Lawmakers Take a Stand: We Don’t Want Out of Africa!
There is nothing like a good old fashioned rallying of the legislative branch around the power of its constitutional authority…to keep U.S. troops in harm’s way.
A number of members of Congress—including reliable military handmaidens Lindsey Graham and Jim Inhofe on the Senate side, and a bipartisan effort led by Leon Panetta’s son, Rep. Jimmy Panetta, in the House—want to keep U.S. forces stationed in Africa.
The twist: the leading proponent of drawing down the approximately 5,200 troops now stationed there is none other than Secretary of Defense Mark Esper. He’s no dove, and certainly no adversary of the defense industry, but this is one “footprint” he has claimed the U.S. can shift away from (towards a more deliberate posture against Russia and China, no doubt, but that’s another story).
Unfortunately, in this case, the politicians sense they know better, and Panetta (D-Calif.) has proposed a bill that would use the power of the purse to stop the Trump Administration from withdrawing the troops. According to Defense One, the bill prevents any funding for the drawdown effort from AFRICOM (Africa Command) until the Pentagon declassifies a series of reports on “everything from the impact of the withdrawal on efforts to combat violent extremist groups on the continent to its effects on growing Russian and Chinese influence there.”
It’s funny that the Congress is deploying the usual tactics to stay, while the Pentagon, which wrote the book on mission justification, is saying, no, really, we don’t want to. Here’s Gil Barndollar in TAC after Esper made his announcement in late December:
…Esper’s team is rightly asking what threat, if any, do African bush wars pose to Americans on U.S. soil. This question is long overdue—and it could also be asked of the Taliban, Somalia’s al Shabaab, and the ISIS remnants in the Levant.
…Esper is laser-focused on great power competition, and especially on China. Unlike many with a 202 phone number, he seems to grasp that American power is not unlimited. The United States needs to prioritize and divest its military of non-essential (to say nothing of unachievable) missions. One suspects that Esper can also distinguish an asset from a liability and grasps that Russian or Chinese influence in Syria or Sierra Leone needn’t keep anyone up at night.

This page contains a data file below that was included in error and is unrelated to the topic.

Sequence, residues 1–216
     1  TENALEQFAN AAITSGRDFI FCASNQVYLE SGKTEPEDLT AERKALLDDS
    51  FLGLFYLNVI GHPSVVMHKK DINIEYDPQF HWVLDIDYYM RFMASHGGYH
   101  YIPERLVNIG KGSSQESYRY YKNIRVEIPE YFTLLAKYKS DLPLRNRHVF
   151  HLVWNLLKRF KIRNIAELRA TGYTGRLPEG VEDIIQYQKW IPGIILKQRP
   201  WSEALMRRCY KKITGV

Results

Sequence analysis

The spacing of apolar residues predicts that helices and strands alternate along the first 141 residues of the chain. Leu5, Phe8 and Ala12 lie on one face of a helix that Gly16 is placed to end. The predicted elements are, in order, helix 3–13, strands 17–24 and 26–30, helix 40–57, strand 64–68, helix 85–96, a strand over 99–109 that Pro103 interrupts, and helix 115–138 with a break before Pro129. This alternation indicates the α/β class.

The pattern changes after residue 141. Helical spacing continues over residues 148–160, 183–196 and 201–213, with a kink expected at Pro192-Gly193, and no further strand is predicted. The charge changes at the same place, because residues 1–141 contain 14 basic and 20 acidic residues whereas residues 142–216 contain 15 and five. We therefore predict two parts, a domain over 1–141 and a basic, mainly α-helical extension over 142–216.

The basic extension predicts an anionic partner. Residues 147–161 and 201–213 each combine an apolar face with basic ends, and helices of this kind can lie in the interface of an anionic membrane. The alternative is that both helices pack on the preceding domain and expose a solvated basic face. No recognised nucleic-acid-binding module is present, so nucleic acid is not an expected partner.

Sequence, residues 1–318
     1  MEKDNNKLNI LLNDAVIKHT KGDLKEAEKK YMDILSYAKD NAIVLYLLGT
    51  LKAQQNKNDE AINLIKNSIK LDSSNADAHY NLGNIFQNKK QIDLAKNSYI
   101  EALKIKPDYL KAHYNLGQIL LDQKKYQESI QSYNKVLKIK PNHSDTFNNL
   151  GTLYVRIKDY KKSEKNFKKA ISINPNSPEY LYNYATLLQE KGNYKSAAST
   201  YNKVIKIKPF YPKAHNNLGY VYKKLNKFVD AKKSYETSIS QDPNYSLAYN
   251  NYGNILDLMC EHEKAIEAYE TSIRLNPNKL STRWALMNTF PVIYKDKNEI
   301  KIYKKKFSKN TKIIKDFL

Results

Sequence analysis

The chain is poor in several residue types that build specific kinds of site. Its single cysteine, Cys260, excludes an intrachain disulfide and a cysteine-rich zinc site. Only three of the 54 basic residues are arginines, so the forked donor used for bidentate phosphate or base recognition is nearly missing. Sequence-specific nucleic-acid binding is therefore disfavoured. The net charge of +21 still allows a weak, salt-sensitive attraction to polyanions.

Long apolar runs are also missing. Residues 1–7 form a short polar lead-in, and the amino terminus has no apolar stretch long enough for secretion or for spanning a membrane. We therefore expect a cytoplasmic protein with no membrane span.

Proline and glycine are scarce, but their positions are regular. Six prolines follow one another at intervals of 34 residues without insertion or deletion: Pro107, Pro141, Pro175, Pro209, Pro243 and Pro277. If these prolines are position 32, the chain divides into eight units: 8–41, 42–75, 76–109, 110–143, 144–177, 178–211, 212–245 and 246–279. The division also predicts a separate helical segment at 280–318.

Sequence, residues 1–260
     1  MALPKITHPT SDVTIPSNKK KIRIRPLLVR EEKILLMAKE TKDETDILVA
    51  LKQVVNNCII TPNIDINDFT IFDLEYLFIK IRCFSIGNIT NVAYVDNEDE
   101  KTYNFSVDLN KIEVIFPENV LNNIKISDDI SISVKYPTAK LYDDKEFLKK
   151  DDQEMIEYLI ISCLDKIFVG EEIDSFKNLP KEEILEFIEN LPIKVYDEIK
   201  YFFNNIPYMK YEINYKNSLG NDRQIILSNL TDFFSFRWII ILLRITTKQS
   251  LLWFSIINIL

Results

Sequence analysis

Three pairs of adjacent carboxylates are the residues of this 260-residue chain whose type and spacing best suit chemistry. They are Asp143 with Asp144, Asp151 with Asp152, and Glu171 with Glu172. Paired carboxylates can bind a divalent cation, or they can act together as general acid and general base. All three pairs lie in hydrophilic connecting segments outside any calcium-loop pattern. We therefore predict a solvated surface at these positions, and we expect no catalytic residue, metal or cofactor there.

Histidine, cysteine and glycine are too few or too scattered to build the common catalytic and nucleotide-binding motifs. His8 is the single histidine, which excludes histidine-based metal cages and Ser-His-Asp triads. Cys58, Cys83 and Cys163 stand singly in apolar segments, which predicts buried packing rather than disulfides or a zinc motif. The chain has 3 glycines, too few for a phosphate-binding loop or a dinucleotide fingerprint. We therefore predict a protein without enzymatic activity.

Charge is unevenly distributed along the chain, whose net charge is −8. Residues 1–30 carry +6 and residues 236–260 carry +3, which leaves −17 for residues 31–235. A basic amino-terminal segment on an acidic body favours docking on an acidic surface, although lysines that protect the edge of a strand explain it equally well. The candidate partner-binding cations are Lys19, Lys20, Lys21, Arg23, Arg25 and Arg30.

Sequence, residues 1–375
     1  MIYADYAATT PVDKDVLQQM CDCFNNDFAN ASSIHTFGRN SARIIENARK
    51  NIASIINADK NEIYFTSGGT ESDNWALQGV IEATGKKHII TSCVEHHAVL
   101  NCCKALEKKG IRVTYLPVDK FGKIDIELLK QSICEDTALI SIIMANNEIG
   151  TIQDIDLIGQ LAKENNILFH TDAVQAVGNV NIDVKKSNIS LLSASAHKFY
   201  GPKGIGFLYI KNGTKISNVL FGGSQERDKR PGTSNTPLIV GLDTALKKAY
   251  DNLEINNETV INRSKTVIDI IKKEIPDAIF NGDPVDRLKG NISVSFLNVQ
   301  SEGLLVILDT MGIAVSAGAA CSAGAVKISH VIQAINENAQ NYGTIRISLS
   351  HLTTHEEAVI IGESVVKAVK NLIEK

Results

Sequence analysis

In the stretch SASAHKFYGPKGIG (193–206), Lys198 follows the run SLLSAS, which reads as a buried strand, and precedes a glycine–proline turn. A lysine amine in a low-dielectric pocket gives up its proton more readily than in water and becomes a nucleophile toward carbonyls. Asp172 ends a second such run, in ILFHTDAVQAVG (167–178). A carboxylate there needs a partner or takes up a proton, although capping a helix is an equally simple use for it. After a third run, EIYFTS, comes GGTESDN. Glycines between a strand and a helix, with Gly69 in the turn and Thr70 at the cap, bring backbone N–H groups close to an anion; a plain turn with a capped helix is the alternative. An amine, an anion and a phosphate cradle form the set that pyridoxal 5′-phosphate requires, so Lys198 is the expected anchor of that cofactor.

But an even better question might be: What can we realistically accomplish with 5,200 American forces there anyway? As I wrote in January, our troops are operating in increasingly vulnerable conditions. They are spread out thin, often using third party contractors as security, and there aren’t enough forces nearby when a real crisis breaks out. We saw this in the Niger ambush in 2017, and more recently in Kenya, when our forces were actually overrun by militants, leaving four Americans dead on a dusty, remote tarmac, and many others huddling together, waiting for rescue.
It is no surprise that politicians are using the most recent development in Kenya to say Esper is wrong, that we actually need a bigger American footprint there. But missing is a conversation about whether our small presence (in addition to airstrikes over the last 10 years) has actually been the catalyst for more violence. Like the Blob-brained pols they are, members of Congress are probably being lobbied by someone in the military who doesn’t like Esper’s tone, and are threatened by his talk of withdrawal. It would be nice if members would instead focus their Constitutional ire on getting out of wars like Yemen and Afghanistan, and not into more regional hotbeds where we do not belong.